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Poverty-stricken Afghans in Kabul and Baghlan provinces must eat dried bread as the COVID-19 pandemic continues to shut down businesses and economic activity in the country.

Residents in Kabul and Baghlan provinces have said that a continued lockdown in the cities has had a significant impact on the economy, and the scale of poverty and hunger has increased.

Khawja Ahmad sells dried bread and says that he saw many people over the past few weeks coming to his shop to buy it for their children's survival.

“Poor people have lost their jobs and professions because of the lockdown, they are coming to us for dried bread,” said Khawja Ahmad.

“The aid that is coming from abroad is being embezzled and spent on luxury activities, the aid is not delivered to the people in need of help,” said Nabi, a resident in Kabul.

Nayeb, a resident in the northern Afghan town of Pul-e-Khumri, says that he has bought dried bread for his seven children for the past week.

“My children were dying yesterday, so I was forced to buy dried fruit and take it home for their survival,” said Nayeb.

“The poor are coming and they buy dried bread for their children. There is nothing, all the shops are closed and the ports are closed,” said Niaz Mohammad, a shopkeeper in Baghlan.

“People are wandering (or thinking about) with hunger during Ramadan days,” said Bibi Fatima, a needy women in Baghlan.

According to numbers from the Afghan Ministry of Economy, nearly half of the 35 million people in Afghanistan live below the poverty line.

On May 1, Save the Children in a report said that more than seven million children in Afghanistan are at risk of hunger (starving? dying? or at risk of being malnourished) as food prices soar due to the lockdown following the spread of COVID-19 in the country.

“At a time when Afghan children need adequate daily nutrition to help strengthen their immune systems to fight the impact of the coronavirus pandemic, the price of basic foods is rising under the lockdown, making it harder for families to feed themselves,” the report said.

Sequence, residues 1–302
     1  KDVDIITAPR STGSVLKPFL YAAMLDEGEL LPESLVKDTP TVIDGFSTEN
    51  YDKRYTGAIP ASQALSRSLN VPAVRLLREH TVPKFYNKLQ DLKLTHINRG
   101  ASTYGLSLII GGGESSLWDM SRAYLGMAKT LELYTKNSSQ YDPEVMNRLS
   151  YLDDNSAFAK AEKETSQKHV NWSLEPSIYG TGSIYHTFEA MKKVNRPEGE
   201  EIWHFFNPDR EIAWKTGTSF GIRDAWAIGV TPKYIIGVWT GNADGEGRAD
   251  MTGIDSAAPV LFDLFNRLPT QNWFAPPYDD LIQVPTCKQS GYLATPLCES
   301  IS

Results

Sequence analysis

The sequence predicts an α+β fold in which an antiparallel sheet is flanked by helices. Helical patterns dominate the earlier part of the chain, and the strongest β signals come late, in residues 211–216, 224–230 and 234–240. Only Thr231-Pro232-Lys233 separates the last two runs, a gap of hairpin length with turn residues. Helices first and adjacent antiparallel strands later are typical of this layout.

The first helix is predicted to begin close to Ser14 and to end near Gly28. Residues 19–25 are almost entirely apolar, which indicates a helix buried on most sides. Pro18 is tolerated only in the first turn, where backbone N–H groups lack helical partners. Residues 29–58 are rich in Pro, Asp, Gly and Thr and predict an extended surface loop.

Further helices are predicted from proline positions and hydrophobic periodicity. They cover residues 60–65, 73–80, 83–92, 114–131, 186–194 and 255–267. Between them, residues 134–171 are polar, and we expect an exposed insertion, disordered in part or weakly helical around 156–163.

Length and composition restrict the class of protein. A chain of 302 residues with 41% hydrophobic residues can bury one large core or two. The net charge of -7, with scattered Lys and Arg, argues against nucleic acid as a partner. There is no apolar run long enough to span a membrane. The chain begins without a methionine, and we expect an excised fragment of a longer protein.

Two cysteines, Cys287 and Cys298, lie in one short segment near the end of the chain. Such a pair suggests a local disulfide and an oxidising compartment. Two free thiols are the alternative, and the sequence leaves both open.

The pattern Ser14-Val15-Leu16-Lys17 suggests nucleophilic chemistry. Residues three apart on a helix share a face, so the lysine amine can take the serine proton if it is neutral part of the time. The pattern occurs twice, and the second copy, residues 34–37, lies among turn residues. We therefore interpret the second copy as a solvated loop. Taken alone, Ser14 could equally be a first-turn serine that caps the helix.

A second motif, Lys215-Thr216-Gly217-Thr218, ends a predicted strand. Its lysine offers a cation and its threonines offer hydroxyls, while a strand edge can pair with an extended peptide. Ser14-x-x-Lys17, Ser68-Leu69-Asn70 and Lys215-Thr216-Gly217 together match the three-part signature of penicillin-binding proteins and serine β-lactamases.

The organization also warned that a third of the country will face food shortages.

“A third of the population – including 7.3 million children – will face food shortages in April and May due to the current pandemic,” the organization said.

According to the aid organization, even before the global COVID-19 crisis, the total number of children who needed some form of humanitarian support this year stood at 5.26 million, making war-torn Afghanistan one of the most dangerous places in the world to be a child.

“We are deeply concerned about those children who are threatened by hunger over coronavirus,” said Maryam Attayee, a spokeswoman for the Save Children in Afghanistan.

Nayeb, a resident in the northern Afghan town of Pul-e-Khumri, says that he has bought dried bread for his seven children for the past week.

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Poverty-stricken Afghans in Kabul and Baghlan provinces must eat dried bread as the COVID-19 pandemic continues to shut down businesses and economic activity in the country.

Residents in Kabul and Baghlan provinces have said that a continued lockdown in the cities has had a significant impact on the economy, and the scale of poverty and hunger has increased.

Khawja Ahmad sells dried bread and says that he saw many people over the past few weeks coming to his shop to buy it for their children's survival.

“Poor people have lost their jobs and professions because of the lockdown, they are coming to us for dried bread,” said Khawja Ahmad.

“The aid that is coming from abroad is being embezzled and spent on luxury activities, the aid is not delivered to the people in need of help,” said Nabi, a resident in Kabul.

Nayeb, a resident in the northern Afghan town of Pul-e-Khumri, says that he has bought dried bread for his seven children for the past week.

“My children were dying yesterday, so I was forced to buy dried fruit and take it home for their survival,” said Nayeb.

“The poor are coming and they buy dried bread for their children. There is nothing, all the shops are closed and the ports are closed,” said Niaz Mohammad, a shopkeeper in Baghlan.

“People are wandering (or thinking about) with hunger during Ramadan days,” said Bibi Fatima, a needy women in Baghlan.

According to numbers from the Afghan Ministry of Economy, nearly half of the 35 million people in Afghanistan live below the poverty line.

On May 1, Save the Children in a report said that more than seven million children in Afghanistan are at risk of hunger (starving? dying? or at risk of being malnourished) as food prices soar due to the lockdown following the spread of COVID-19 in the country.

“At a time when Afghan children need adequate daily nutrition to help strengthen their immune systems to fight the impact of the coronavirus pandemic, the price of basic foods is rising under the lockdown, making it harder for families to feed themselves,” the report said.

The organization also warned that a third of the country will face food shortages.

“A third of the population – including 7.3 million children – will face food shortages in April and May due to the current pandemic,” the organization said.

According to the aid organization, even before the global COVID-19 crisis, the total number of children who needed some form of humanitarian support this year stood at 5.26 million, making war-torn Afghanistan one of the most dangerous places in the world to be a child.

“We are deeply concerned about those children who are threatened by hunger over coronavirus,” said Maryam Attayee, a spokeswoman for the Save Children in Afghanistan.

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